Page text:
I am inspired by Eastern art, particularly Japanese and Korean ceramics. From Korea I really admire Buncheong and Onggi styles. Mishima, Bizen, Hagi, Seto, and Tokoname wares I like the most from Japan. Nevertheless, what I love the most about eastern pottery is its Zen-like forms and attitudes toward the craft. In Japanese and Korean pottery I find freedom from the, sometimes, rigid western traditions. While I love and admire European, American, and Latin American ceramics, in my work I envision a craft that emulates nature’s beauty.
In nature symmetry is hardly encountered, but its chaotic conformation is beautiful nonetheless. A tree, a rock, the ocean, offer no symmetry, but their parts are nicely put together. That’s exactly what I want to transmit. I want to offer ceramics of the highest craftsmanship possible while keeping an air of nature in every piece.
I’m a perfectionist by nature, but a Zen/Wabi-sabi aesthetic is my goal. Through pottery I’ve learned that there is more joy in the pursuit of excellence than in the pursuit of perfection. Embracing imperfection is something liberating, something I want to communicate through my work. That’s not to say I throw quality out the window. I’m constantly challenging myself to be the best in every artistic endeavor, and life in general.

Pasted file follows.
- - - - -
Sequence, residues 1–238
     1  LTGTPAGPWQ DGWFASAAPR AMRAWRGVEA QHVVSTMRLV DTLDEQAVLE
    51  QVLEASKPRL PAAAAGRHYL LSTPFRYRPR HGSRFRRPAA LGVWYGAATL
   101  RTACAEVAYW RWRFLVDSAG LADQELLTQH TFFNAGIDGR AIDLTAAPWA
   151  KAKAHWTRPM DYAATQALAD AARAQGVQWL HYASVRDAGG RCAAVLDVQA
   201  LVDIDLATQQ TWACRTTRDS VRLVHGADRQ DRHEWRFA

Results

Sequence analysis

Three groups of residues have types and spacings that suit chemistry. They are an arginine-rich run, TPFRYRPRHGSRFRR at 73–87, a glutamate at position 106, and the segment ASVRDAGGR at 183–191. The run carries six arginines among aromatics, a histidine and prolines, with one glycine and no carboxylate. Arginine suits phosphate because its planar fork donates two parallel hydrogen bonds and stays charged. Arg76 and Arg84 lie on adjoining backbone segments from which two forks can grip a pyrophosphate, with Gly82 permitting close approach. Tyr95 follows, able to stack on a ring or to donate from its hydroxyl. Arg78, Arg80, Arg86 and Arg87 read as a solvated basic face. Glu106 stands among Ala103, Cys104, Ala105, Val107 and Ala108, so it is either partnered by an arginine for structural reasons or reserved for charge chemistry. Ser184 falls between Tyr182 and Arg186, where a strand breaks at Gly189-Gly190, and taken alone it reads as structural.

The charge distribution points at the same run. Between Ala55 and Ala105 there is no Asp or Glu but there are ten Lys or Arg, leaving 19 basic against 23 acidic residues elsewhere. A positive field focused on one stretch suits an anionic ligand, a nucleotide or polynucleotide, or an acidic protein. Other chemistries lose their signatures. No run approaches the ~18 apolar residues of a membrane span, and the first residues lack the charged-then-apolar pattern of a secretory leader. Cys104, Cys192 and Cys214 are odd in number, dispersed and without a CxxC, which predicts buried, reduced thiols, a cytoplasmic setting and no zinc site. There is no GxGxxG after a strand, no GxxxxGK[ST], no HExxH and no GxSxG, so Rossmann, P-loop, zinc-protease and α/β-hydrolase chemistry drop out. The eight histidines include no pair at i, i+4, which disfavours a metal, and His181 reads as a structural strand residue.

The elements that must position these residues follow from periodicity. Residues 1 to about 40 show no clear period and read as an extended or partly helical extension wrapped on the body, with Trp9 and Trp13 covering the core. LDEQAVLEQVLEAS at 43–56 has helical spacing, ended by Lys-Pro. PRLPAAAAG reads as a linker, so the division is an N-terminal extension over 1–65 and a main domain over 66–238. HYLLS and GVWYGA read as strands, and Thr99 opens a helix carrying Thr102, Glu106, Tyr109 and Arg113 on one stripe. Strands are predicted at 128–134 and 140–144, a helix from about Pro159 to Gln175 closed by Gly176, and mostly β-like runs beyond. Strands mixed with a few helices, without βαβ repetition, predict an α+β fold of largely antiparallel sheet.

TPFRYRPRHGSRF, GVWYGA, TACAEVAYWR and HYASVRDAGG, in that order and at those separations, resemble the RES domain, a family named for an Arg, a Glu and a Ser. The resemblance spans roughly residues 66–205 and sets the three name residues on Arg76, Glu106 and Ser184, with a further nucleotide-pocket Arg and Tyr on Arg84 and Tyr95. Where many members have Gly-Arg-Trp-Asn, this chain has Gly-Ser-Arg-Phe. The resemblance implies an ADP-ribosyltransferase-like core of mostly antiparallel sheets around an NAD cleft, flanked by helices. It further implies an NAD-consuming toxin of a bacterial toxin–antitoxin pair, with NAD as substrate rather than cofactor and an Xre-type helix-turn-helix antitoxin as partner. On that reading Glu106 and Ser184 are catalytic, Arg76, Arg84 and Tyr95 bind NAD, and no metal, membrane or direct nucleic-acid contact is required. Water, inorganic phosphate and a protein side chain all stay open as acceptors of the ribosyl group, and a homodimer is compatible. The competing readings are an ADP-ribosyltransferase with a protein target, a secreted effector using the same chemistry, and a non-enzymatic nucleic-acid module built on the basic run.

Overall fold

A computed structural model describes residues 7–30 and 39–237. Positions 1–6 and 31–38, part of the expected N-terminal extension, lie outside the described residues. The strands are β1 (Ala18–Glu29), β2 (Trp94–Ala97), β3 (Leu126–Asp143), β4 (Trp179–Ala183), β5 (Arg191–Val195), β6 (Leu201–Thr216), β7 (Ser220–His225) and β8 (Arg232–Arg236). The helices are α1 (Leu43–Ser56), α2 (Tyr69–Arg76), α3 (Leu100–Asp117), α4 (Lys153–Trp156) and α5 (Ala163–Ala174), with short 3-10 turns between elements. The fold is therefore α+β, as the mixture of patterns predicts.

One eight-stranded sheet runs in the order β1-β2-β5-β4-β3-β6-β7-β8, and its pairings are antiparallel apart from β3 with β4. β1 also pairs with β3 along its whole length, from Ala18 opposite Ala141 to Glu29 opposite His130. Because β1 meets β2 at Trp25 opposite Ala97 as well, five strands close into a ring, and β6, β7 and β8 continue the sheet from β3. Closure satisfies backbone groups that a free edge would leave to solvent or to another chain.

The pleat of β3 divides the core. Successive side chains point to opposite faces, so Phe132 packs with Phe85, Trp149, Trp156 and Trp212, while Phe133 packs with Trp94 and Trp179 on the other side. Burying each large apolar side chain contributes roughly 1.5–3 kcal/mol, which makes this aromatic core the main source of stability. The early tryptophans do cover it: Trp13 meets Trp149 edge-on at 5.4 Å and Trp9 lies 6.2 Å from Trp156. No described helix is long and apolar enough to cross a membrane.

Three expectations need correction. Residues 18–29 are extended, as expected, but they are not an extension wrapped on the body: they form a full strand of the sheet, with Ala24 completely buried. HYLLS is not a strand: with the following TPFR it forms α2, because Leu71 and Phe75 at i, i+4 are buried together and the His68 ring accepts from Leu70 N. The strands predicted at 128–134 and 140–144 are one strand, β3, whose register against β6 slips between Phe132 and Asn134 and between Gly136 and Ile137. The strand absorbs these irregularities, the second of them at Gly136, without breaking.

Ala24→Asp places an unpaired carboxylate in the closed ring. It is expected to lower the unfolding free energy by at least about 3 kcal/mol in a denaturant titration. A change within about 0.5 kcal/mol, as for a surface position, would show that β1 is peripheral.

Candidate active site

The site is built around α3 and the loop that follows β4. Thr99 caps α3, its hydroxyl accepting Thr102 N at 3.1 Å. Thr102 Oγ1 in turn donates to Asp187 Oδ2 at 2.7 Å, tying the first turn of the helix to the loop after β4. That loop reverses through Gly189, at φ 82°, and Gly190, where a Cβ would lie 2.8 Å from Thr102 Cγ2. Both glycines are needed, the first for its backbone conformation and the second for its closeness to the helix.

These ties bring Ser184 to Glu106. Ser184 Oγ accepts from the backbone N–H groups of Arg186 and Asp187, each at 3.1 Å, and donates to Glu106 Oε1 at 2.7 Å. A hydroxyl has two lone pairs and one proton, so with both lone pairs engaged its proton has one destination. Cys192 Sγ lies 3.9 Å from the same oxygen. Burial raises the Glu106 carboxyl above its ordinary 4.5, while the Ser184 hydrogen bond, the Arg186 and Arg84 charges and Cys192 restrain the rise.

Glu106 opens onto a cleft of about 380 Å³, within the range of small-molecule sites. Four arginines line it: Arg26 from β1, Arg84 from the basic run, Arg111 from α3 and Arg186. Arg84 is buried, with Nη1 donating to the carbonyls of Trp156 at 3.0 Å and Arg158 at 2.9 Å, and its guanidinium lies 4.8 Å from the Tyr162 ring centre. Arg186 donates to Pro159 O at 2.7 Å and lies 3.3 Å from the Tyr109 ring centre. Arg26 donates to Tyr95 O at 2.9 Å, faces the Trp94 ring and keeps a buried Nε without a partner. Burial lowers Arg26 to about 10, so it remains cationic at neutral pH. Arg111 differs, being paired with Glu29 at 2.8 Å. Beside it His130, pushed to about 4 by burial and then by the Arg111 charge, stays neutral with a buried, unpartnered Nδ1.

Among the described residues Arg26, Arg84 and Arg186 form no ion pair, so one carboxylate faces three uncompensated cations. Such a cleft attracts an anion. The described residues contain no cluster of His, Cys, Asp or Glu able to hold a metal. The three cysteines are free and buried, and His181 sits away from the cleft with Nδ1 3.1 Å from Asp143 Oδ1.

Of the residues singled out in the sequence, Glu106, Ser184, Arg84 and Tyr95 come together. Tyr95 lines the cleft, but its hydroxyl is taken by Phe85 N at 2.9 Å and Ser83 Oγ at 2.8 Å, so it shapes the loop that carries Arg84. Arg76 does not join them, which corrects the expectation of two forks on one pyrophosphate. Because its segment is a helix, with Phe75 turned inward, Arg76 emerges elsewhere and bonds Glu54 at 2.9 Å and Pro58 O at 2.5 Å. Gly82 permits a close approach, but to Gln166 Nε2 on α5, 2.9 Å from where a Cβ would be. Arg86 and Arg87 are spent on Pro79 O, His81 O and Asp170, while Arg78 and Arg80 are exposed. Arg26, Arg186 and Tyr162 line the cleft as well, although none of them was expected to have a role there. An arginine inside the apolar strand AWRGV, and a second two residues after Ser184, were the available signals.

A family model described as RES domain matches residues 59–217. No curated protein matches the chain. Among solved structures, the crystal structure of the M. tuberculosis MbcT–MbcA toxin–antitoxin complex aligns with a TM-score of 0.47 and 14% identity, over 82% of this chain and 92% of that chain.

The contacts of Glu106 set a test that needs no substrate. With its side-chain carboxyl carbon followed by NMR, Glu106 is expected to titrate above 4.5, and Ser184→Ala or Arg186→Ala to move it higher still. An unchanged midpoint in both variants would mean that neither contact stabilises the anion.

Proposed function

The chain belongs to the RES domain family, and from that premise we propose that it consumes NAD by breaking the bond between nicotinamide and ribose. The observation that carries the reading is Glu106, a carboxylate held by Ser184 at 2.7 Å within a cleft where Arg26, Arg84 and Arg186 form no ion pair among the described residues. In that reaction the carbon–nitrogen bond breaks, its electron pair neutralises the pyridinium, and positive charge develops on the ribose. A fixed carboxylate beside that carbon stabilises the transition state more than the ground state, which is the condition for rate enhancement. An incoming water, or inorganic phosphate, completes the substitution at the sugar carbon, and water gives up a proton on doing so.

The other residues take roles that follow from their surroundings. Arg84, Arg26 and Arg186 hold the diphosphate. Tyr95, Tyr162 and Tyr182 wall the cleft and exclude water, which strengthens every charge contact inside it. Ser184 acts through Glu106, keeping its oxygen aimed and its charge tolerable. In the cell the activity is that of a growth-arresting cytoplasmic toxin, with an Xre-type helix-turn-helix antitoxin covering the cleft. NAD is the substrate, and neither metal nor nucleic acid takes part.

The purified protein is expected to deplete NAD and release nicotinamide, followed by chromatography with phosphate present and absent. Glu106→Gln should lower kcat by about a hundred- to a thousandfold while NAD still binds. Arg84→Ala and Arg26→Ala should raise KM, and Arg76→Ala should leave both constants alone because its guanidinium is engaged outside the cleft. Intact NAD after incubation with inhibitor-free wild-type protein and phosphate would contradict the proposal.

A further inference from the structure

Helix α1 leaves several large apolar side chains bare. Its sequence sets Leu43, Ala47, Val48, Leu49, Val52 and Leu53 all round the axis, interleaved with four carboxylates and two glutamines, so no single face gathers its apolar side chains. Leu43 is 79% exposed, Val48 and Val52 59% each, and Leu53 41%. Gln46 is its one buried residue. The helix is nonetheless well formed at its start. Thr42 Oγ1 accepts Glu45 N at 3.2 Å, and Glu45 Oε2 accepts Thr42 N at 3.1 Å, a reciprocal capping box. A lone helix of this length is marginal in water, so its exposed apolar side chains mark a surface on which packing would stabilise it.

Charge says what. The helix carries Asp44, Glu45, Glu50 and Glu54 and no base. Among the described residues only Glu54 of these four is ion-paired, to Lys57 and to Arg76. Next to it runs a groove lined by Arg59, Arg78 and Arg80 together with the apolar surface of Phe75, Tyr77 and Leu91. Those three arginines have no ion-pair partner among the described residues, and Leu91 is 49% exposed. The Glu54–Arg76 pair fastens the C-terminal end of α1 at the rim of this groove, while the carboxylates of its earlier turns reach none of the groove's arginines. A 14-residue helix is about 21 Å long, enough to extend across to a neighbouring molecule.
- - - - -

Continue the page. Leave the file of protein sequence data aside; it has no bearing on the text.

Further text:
Most of the pots I make are wheel thrown. I work primarily with Stoneware clay from local suppliers. I use glazes I mix myself using high quality materials. All glazes and clays are food safe. Finished pieces are fired at about 2269 F (~1243 C).